VANCOUVER, Oct. 3 (Xinhua) -- Roughly five million Canadians cross the U.S. border by land every year to fly out of American airports for cost saving, according to a report released Wednesday.
Conducted by the Conference Board of Canada, an independent and non-profit research organization, the report suggests that even small reductions in the air fare differential could lead to traffic gains for Canadian airports and carriers.
The report, Driven Away: Why More Canadians Are Choosing Cross Border Airports, focuses its analysis on three Canadian airports: Vancouver International Airport, Toronto Pearson International Airport and Montreal-Trudeau International Airport, along with their cross-border competitors.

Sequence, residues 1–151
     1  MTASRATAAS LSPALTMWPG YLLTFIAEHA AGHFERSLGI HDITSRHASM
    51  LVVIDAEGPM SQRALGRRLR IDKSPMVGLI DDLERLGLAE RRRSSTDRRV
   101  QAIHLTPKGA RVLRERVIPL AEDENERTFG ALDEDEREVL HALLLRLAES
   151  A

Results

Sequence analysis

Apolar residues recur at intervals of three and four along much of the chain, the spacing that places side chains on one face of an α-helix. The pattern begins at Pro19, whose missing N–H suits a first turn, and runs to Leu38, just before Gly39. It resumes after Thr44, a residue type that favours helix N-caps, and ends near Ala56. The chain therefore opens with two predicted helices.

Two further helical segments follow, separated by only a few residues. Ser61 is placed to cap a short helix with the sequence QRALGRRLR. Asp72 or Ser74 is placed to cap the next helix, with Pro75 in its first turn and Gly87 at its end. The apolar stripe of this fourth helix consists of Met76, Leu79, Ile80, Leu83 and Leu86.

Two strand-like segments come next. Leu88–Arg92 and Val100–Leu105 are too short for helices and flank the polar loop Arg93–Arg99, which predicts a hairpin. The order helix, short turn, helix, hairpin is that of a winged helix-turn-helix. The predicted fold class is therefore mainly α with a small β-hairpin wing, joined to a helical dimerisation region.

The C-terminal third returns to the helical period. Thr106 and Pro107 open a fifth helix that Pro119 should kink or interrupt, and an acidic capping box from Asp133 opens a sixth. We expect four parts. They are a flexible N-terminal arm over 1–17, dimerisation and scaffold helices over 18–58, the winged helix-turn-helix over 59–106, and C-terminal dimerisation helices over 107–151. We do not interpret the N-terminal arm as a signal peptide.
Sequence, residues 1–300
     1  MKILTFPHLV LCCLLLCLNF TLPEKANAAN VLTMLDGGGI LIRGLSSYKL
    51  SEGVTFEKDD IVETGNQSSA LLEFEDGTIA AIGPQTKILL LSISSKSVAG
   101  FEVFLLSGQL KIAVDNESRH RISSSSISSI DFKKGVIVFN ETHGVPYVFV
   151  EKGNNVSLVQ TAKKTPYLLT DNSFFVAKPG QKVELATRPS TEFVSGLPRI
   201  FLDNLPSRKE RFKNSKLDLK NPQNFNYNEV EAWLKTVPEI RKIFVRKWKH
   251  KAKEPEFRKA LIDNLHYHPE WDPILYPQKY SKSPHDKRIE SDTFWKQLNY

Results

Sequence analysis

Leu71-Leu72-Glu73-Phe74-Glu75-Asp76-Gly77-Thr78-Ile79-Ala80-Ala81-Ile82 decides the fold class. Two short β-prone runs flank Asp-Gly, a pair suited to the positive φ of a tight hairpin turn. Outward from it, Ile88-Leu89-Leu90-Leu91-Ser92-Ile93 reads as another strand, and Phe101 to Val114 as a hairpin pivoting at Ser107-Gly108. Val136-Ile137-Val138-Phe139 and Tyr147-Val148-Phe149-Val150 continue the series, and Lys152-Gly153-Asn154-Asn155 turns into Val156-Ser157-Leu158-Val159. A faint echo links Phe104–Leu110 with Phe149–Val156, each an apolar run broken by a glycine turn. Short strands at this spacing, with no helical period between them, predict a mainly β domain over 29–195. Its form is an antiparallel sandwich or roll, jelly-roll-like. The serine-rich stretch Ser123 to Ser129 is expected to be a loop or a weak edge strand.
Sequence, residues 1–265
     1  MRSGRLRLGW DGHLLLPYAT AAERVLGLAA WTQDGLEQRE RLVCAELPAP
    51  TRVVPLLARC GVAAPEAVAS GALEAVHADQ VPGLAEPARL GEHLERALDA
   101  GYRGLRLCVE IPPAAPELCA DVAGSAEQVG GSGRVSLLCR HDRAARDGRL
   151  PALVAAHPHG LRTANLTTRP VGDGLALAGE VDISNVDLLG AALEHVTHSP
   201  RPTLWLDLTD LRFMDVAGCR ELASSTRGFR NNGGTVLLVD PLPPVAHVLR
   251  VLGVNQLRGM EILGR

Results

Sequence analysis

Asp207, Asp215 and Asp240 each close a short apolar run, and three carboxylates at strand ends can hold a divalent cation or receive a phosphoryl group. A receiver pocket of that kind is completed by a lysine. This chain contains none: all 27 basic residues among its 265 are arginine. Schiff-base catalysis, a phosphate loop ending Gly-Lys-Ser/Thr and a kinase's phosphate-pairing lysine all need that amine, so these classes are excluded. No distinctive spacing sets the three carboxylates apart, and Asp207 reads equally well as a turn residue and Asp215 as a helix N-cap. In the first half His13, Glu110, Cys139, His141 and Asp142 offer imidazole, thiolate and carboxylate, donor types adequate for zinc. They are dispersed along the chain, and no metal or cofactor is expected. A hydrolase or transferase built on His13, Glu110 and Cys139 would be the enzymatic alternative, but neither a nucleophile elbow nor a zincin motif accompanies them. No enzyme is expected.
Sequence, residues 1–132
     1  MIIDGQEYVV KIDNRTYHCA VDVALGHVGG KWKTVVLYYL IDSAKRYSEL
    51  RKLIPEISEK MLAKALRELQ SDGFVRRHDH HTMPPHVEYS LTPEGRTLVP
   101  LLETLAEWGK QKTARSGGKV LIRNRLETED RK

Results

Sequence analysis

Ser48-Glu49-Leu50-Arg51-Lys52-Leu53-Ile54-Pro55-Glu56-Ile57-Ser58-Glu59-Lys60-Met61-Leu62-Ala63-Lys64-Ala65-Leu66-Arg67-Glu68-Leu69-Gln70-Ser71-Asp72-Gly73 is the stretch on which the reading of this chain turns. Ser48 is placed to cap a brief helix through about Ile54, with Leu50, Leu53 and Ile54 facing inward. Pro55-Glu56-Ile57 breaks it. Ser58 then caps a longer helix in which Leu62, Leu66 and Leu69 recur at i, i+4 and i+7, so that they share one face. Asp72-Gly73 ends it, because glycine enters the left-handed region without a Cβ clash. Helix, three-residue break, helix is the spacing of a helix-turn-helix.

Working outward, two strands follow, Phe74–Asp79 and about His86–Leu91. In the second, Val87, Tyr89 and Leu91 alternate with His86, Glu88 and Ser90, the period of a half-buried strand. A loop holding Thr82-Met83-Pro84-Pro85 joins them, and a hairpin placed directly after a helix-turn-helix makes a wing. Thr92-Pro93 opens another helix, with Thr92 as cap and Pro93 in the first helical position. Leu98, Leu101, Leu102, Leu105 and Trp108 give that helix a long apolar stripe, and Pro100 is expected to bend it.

It says the higher air fares in Canada are often blamed on fees and taxes, but these are only part of the reason for traffic losses.
"Cross-border air fare shopping is being driven by a 'perfect storm' of factors that also includes differences in wages, aircraft prices and industry productivity as well as U.S. aviation policies," said Vijay Gill, principal research associate of transportation and infrastructure in the Conference Board of Canada.
The report finds that Canadian fees and taxes contribute to roughly 40 percent of the total air fare difference in the markets that it examined. While other factors are beyond Canada's control, the report estimates changes to Canadian policies alone could bring more than two million passengers a year back to Canadian airports.
While lower Canadian fees and taxes would reduce government receipts in the short term, much of this loss could be recaptured through direct and indirect tax revenues generated by the additional traffic originating in Canada, it says.